Speaking to ConfectioneryNews at the NCA’s State of the Industry Conference in Miami, Susan Smith, senior vice president, communications and outreach at the NCA, said: “The companies who make a retail product don’t want to increase the price, they want their products to have value for their consumers.”
She said that companies had stepped up efforts to secure a sustainable cocoa supply following industry forecasts of a 1m metric ton (MT) deficit by 2020 in the last few years. Figures released by the International Cocoa Organization last week forecast a 115,000 MT supply and demand shortfall for the 2013/14 season.
“Whether there will be an increase in chocolate prices is not something we can predict,” said Smith.
‘When costs of other things go up…they have to make a decision’
“Cocoa is a percentage of manufacturers’ cost but so are others things which aren’t necessarily even ingredients. When the cost of all their different inputs go up, whether it’s the price of gasoline or production, then eventually they have to make a decision.”
But Smith said that the NCA’s members purchased their cocoa in advance and were well prepared for the forecasted deficit.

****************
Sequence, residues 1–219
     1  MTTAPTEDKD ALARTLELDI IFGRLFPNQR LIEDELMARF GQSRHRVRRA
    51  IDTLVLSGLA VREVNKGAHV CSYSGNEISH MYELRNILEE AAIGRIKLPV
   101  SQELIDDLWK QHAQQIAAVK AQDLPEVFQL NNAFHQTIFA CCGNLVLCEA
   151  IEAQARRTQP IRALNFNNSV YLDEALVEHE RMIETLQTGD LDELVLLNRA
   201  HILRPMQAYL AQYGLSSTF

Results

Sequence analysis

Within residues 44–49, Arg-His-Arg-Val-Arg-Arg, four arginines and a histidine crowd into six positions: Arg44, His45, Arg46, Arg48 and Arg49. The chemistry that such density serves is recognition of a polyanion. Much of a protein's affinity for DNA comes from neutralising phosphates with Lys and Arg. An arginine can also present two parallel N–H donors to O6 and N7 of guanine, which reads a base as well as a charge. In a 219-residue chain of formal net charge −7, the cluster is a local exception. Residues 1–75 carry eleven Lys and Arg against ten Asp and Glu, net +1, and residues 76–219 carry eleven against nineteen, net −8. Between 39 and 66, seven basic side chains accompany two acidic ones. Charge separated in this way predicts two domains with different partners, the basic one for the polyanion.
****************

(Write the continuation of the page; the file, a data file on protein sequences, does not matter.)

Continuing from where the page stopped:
“Cocoa is cyclical and companies here are used to that. If you look at the historical prices of cocoa, it fluctuates depending on weather and other things. Companies are prepared for that. But if it goes on for years and years, that’s a different story”
She continued: “What we’re finding is that folks are sounding the alarm, so there will be every effort to help cocoa farmers to produce more cocoa.”
Among those sounding the alarm have been joint global chocolate leader Mars and prominent US chocolate supplier Blommer.
'Majority of cocoa certified in next few years’
Over the last two years, the industry has moved closer to a more sustainable cocoa supply with major suppliers such as Hershey, Ferrero and Mars committing to sourcing only third party certified cocoa by 2020. Others such as Nestle and Mondelez plan to purchase certified cocoa, but will also rely on their own sustainability initiatives.
Smith said: “A lot of companies have committed to doing some sort of certification in some cases it’s UTZ in other cases it’s Rainforest Alliance or Fairtrade, but in other cases it’s what they’d call verified sustainable, so they are doing a lot of the same things, perhaps working internally or with their own co-ops or own processors. Companies will have to choose the best way do it. It’s up to the companies.”
“My guess is that the majority of cocoa will be certified in the next few years.”